Then there’s the case, which carries the Ferrari logo and is formed from tough and light PVD titanium and carbon fibre, with a swoopy sapphire crystal designed to echo the form of the road-going LaFerrari. And when the watch finally runs out of power, there’s a tiny electronic winding drill a bit like the ones used by F1 pit crews to pop wheels on and off in fractions of a second. Only 50 of the watches are being made, and buyers of the £1m car will get priority. If you’re one of those lucky buggers, why not rebrand yourself as LaDave or LaRoger to show your allegiance to the LaFerrari cause? On second thoughts, maybe don’t. ■ For more information, see


▽ WE NEED YOU! Are you off on your jollies? Do you have a work trip coming up? Take a copy of square mile with you and not only could you find a photo of your mug gracing these very pages, but you’ll make it onto our online gallery, too. To top it all off, we’ll send you a bottle of top quality vodka for good measure. Each month, we pick our favourite photo from the bunch – and this issue we chose this pic of square mile reader Sue France. Sue left the sunny climes of the UK to take up a job at the Sydney Opera House – so, rather depressingly, this was snapped during her morning commute. (I’m sure she misses the Northern Line secretly, though.) Go on – get involved. You’ve got a mag in your hand now, after all – just remember to pack it… ■ Email us your photos and a description to, tweet us @square_mile #goingtheextramile; or post your images on our Facebook page, squaremileuk. The best photo each month, as chosen by the editor, will be published in the magazine – and the person who sent it in will win a bottle of Imperial Collection Gold vodka.


MORE PARTNER THAN MACHINE. THOMSON REUTERS EIKON. SEEK MORE. Technology that makes you speak in codes, that controls the information you receive, isn’t serving you. You’re serving it. We believe you deserve more from the technology you use. More from the tools you rely on. More from the people you work with. You deserve Thomson Reuters Eikon. The most comprehensive, intuitive, collaborative partner you’ve ever worked with. It keeps you a step ahead with the most up-to-the-minute, market-moving news. You’ll discover more opportunities, faster, with our natural language search tool, interactive charting functionality and connections to the world’s largest financial communities. And you’ll be able to seamlessly connect all your data to all your devices. Isn’t it time technology served you? EXPERIENCE IT @ THOMSONREUTERS.COM/SEEKMORE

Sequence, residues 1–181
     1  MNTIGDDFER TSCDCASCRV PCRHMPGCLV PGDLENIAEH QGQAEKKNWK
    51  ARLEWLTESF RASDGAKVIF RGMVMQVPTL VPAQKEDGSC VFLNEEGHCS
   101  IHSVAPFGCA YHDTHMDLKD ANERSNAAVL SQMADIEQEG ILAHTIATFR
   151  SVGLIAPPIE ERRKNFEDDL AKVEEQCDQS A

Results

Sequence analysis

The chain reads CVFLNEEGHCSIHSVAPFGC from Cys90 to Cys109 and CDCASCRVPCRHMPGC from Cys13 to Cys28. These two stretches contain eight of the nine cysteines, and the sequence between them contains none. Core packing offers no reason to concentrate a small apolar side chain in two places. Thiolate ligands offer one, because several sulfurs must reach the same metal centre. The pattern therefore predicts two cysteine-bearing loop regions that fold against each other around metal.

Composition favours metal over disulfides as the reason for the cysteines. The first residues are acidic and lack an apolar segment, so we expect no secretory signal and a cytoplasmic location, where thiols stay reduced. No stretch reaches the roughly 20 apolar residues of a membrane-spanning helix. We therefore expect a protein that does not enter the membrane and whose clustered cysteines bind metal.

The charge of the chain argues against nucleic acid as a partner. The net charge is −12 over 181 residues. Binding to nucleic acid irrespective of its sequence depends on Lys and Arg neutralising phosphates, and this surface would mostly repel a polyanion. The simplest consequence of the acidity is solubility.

©2013 Thomson Reuters. Thomson Reuters and the Kinesis logo are the trademarks of Thomson Reuters.


➤ National Maritime Museum ➤

star gazing


— By Jack Arnott —

MeantiMe and Space See more PICTUreS on oUr iPad aPP

square mile artwork in aSSociation with

What better place to hold an exhibition of awe-inspiring space images than next to Greenwich’s Royal Observatory? The National Maritime Museum plays host to

Visions of the Universe from 7 June to 15 September, charting the development of telescopy, photography, and our understanding of our place in the cosmos, from Galileo to, er, Figaro (oh-oh). This particular image shows the Orion

Nebula, as captured by Nasa’s Hubble Space Telescope. Featuring more than 3,000 stars, the image contains one billion pixels at full resolution – not something you’d want to download over 3G. ■ For more info, see



➤ This month ➤

vinyl frontier — By Jack Arnott —

maTErial WOrld From the aluminium upper and lower chassis, to the superduralumin plate sandwiched in between, every material has been carefully chosen to eliminate noise and vibration from the record’s movement.

TWO TONE Up to two ‘tone arms’ can be fitted to the player’s base, allowing audiophiles to tweak and customise the sound to their heart’s (and ears’) desire.

analyst liKE a BUTTErFlY With a platter that floats on air (no, really), delivered by a silent pump, the Air Force One offers a frictionless spin, meaning minimal distortion when you, er, lay down your jams.

While other audio formats come and go, it seems there will always be a place in any self-respecting audiophile’s collection for vinyl. Devotees swear by the LP’s authentic sound and durability – and given that the first phonograph record was made around 120